Objective: User data and information about anatomy education were used to guide development of a learning environment that is efficient and effective. The research question focused on how to design instructional software suitable for the educational goals of different groups of users of the Visible Human data set. The ultimate goal of the study was to provide options for students and teachers to use different anatomy learning modules corresponding to key topics, for course work and professional training. Design: The research used both qualitative and quantitative methods. It was driven by the belief that good instructional design must address learning context information and pedagogic content information. The data collection emphasized measurement of users' perspectives, experience, and demands in anatomy learning. Measurement: Users' requirements elicited from 12 focus groups were combined and rated by 11 researchers. Collective data were sorted and analyzed by use of multidimensional scaling and cluster analysis. Results: A set of functions and features in high demand across all groups of users was suggested by the results. However, several subgroups of users shared distinct demands. The design of the learning modules will encompass both unified core components and user-specific applications. The design templates will allow sufficient flexibility for dynamic insertion of different learning applications for different users. Conclusion: This study describes how users' requirements, associated with users' learning experiences, were systematically collected and analyzed and then transformed into guidelines informing the iterative design of multiple learning modules. Information about learning challenges and processes was gathered to define essential anatomy teaching strategies. A prototype instrument to design and polish the Visible Human user interface system is currently being developed using ideas and feedback from users.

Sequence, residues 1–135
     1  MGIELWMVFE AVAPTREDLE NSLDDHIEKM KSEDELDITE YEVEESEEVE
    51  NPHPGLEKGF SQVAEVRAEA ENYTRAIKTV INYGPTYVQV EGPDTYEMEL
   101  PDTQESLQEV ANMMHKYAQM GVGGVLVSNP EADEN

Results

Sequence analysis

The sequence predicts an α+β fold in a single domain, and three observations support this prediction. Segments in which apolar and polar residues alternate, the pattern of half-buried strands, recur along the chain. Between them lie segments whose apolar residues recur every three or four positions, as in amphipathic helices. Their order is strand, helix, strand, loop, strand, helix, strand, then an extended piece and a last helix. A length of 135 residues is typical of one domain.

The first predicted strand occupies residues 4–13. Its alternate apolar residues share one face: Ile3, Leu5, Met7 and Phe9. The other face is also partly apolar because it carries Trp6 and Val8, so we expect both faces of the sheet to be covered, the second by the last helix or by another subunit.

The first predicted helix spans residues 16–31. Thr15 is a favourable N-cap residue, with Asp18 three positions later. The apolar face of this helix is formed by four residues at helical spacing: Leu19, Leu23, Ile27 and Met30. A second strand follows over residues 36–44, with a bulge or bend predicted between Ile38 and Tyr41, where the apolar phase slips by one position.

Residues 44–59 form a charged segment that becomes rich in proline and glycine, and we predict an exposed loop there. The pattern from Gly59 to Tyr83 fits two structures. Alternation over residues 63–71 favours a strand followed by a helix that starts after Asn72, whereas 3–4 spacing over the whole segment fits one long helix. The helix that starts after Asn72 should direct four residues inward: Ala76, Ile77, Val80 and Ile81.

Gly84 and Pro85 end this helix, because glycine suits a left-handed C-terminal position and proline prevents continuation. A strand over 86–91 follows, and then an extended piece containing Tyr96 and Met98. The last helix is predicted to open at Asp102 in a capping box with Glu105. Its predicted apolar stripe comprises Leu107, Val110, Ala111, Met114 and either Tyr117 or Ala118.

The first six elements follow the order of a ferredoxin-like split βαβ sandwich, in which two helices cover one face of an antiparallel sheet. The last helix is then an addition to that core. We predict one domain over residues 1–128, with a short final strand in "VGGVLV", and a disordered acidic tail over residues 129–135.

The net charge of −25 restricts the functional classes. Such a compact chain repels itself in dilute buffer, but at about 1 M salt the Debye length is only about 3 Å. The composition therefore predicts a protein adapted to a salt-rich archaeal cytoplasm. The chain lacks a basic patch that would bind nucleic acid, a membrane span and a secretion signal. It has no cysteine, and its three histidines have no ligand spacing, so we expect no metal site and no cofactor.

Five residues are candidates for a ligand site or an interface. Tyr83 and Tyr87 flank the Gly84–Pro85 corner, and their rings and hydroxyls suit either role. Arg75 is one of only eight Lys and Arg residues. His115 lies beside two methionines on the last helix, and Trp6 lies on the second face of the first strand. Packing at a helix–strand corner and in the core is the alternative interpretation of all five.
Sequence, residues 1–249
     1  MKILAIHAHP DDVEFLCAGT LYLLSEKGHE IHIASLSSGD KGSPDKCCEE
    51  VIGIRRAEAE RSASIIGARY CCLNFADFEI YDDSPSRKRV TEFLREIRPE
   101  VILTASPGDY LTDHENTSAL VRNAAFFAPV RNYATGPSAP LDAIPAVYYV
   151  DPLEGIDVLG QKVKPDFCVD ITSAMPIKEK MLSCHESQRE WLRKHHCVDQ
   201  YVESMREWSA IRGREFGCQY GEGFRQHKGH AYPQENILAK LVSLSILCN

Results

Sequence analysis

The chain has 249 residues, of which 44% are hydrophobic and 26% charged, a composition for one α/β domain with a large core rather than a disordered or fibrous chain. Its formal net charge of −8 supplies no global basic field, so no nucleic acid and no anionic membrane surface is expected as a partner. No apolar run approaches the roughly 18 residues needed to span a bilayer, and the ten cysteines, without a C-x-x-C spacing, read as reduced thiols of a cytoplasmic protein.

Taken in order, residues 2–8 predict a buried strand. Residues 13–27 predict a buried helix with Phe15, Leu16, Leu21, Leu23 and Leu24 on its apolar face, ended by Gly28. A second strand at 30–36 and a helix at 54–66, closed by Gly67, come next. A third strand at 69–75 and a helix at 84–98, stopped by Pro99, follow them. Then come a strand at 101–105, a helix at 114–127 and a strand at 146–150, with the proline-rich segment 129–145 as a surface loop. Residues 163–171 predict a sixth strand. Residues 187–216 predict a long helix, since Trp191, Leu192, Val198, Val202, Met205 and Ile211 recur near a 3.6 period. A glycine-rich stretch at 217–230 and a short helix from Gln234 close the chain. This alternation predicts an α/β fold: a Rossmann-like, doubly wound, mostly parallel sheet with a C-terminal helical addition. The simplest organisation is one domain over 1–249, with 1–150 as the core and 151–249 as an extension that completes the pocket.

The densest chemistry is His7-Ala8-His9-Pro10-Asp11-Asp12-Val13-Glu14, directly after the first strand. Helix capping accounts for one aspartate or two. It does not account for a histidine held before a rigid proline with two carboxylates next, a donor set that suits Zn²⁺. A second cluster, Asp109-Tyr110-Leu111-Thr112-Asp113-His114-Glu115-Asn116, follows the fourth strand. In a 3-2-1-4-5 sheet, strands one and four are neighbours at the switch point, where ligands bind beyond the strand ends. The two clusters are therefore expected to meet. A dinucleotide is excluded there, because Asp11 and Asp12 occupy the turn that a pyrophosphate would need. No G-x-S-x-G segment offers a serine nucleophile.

|頁（從 - 到）
|Journal of the American Medical Informatics Association : JAMIA
|已發佈 - 2002
ASJC Scopus subject areas